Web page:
As you know, the average liquor store is just a conglomeration of shelves, cheap flooring, cheap everything and bottles. Want to beat out your local competition? Take the time out to really work on the flow and the general appearance of the inside and outside of your store. This will make a huge difference in the retention of your new customer base. It’ll be one more thing that sets you apart from your competition.

These steps are evergreen in the sense that when you do have your new DBA, your new logo, your new theme, these make positive impressions on customers even when you or your best employees are not around. That’s great news! That’s like your physical store is working for you by making positive impressions on customers.

Another thing to consider with your theme is the music that’s played in your store. If you’re playing music off of a radio in the corner somewhere, it’s time to get your shit together. It’s 2016 and there’s no reason for you not to go on eBay, buy a surround sound system for $200, set it up so that it’s playing from every corner and subscribe to something like Pandora One so that you don’t hear advertisements.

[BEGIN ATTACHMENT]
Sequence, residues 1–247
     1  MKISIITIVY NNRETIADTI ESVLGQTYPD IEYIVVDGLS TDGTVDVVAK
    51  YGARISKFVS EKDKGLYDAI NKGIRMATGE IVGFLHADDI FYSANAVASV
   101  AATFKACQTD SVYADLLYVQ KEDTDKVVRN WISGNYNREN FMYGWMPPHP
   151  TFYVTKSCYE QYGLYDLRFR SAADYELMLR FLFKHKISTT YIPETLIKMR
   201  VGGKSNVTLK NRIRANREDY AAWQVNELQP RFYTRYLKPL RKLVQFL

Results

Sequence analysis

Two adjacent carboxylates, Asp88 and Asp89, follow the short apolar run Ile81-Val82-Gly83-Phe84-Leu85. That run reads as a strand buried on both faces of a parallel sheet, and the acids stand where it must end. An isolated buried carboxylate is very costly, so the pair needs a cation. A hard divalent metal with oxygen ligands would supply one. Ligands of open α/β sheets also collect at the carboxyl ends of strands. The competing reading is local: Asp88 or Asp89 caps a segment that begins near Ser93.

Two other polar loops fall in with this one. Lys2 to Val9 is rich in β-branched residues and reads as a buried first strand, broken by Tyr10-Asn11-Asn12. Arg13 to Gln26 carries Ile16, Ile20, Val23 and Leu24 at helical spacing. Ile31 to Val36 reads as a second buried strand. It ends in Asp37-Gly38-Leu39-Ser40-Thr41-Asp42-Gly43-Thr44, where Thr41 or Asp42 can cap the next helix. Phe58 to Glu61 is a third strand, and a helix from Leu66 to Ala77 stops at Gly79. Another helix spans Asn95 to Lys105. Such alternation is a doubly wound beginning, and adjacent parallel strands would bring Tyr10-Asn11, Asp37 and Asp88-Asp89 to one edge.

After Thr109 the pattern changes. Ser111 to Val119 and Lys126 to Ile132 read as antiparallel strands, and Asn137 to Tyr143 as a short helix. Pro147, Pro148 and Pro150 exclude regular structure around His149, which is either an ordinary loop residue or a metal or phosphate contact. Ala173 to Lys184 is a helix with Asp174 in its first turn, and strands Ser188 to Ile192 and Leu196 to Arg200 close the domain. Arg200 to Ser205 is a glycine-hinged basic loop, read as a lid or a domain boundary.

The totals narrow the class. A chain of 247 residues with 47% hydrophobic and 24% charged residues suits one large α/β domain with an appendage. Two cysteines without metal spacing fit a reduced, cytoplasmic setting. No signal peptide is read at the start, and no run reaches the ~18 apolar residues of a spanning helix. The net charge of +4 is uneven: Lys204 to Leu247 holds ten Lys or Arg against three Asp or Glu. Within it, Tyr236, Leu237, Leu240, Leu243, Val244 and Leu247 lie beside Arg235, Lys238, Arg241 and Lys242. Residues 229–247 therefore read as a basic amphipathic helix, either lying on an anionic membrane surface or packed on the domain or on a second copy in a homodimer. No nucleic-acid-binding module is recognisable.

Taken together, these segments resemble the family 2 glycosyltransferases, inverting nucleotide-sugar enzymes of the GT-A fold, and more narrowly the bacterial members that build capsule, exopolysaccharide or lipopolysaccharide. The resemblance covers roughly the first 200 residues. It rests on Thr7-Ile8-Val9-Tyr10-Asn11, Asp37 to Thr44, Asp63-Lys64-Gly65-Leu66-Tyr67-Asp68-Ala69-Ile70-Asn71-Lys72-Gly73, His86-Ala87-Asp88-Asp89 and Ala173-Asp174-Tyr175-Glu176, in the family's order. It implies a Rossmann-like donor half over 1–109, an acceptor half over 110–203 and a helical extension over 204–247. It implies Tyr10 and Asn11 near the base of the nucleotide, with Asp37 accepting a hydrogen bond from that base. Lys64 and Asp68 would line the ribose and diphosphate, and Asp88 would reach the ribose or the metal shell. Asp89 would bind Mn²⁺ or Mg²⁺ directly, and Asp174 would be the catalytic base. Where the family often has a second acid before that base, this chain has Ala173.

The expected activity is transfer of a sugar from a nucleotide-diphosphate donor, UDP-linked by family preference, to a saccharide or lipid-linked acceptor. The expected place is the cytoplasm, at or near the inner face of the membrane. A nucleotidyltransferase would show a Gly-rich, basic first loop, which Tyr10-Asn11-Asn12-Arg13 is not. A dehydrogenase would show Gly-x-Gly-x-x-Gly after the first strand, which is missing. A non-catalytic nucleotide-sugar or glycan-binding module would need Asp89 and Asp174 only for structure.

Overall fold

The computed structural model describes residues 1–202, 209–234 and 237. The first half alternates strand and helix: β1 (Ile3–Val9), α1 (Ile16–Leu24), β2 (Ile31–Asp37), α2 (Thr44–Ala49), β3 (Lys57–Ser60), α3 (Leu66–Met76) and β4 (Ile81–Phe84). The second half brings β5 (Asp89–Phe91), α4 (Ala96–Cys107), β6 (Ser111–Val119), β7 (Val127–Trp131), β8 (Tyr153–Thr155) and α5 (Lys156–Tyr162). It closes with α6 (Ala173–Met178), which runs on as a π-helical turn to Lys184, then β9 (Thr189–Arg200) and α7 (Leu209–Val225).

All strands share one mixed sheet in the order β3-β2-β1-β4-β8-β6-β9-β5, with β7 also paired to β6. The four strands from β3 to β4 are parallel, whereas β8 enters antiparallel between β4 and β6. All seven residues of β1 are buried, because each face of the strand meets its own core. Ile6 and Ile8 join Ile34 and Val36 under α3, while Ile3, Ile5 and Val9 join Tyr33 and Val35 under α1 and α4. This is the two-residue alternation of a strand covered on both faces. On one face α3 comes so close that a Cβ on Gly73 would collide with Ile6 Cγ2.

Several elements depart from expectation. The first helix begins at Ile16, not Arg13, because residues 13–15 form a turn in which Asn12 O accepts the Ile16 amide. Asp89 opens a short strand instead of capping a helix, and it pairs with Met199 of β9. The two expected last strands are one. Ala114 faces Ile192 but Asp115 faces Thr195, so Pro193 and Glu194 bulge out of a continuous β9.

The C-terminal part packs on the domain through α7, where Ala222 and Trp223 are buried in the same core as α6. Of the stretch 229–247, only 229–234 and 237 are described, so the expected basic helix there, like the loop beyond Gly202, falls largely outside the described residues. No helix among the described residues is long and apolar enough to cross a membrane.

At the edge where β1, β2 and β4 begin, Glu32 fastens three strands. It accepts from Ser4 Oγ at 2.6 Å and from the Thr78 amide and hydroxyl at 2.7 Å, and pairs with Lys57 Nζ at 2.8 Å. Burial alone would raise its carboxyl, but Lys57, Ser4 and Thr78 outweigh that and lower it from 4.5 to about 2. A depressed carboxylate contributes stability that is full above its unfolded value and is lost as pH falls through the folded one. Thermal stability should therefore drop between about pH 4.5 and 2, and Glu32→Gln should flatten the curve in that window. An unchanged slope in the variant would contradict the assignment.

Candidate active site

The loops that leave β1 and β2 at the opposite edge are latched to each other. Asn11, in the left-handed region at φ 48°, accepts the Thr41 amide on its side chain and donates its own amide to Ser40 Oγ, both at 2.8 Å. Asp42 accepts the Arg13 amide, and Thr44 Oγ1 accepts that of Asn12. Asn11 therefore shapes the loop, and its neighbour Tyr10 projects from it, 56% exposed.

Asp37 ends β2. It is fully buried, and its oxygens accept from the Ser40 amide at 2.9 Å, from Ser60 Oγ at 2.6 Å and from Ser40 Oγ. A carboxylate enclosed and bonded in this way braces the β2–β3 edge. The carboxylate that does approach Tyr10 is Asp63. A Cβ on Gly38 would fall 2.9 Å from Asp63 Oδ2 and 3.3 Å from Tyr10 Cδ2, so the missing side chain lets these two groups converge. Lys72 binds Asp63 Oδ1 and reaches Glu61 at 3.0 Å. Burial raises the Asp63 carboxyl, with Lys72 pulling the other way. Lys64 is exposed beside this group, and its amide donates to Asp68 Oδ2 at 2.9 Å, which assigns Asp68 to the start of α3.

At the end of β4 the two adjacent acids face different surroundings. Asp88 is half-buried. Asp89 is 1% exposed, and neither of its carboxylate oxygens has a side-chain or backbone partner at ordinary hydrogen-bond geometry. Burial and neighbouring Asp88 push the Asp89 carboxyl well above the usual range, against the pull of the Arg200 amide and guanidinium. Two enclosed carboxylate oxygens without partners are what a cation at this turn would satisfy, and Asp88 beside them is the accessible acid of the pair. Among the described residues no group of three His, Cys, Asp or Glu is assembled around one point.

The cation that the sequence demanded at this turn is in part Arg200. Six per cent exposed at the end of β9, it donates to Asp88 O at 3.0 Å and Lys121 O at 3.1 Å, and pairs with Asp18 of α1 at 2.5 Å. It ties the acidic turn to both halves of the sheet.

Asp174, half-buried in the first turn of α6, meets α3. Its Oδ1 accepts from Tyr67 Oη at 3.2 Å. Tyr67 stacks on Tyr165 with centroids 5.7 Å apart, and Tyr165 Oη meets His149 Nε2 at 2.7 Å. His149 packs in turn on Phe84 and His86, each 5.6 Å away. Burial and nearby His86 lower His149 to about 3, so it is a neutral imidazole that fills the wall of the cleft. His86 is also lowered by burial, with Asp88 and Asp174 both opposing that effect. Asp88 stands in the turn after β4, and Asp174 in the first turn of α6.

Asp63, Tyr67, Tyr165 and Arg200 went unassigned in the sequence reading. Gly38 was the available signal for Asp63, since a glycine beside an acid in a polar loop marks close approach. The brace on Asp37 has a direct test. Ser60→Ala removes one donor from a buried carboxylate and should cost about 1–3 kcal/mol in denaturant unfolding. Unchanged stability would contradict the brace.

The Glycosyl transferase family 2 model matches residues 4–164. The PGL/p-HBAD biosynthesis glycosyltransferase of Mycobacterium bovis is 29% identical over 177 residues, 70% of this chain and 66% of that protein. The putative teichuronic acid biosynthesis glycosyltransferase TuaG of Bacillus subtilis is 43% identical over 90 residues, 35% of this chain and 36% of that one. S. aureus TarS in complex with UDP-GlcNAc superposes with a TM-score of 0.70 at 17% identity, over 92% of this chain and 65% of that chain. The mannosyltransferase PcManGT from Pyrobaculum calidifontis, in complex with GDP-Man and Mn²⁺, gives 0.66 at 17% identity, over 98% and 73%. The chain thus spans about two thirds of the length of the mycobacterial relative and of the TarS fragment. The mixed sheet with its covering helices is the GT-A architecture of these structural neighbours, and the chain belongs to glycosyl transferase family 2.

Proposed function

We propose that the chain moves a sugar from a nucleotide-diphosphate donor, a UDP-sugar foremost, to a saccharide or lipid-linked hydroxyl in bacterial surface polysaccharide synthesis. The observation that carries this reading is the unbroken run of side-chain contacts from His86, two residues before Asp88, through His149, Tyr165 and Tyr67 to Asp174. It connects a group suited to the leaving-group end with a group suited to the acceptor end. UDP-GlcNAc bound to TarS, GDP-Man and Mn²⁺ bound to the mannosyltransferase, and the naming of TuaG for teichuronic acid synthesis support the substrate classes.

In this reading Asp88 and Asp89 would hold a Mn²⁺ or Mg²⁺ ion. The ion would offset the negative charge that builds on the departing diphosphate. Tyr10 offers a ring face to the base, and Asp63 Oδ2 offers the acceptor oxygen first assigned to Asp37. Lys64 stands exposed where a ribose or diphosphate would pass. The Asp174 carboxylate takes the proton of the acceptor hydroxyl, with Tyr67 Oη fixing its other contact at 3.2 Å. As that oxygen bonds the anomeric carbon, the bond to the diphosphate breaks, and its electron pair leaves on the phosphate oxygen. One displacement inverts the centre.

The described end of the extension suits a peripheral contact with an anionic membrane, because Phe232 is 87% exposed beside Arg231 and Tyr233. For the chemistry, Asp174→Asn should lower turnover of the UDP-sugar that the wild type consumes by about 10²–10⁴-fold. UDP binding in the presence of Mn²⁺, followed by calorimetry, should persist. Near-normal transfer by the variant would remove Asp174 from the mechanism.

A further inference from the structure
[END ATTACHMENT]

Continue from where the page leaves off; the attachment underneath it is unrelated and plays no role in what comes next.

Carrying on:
Play consistent, high quality, low volume music for your customers. I can’t tell you how many times we’ve seen people jamming out to a song in the corner of the store where they think nobody can see them but they’re over there, you know, dancing a little bit, moving their feet around, bottle in their hand, loving it and it turns out that those types of customers are much more likely to come back.


This is kind of 50–50 as far as I can tell. 50% of the stores that I walked into do price tags right and 50% of them do like we did up until 2014 which is to have a price gun and put prices on individual bottles.

Now, this was okay in the ’70s and ’80s but in today’s day and age, it just looks terrible. It looks tacky. It makes your store look like a 99 cent store and you have to get on top of this right away.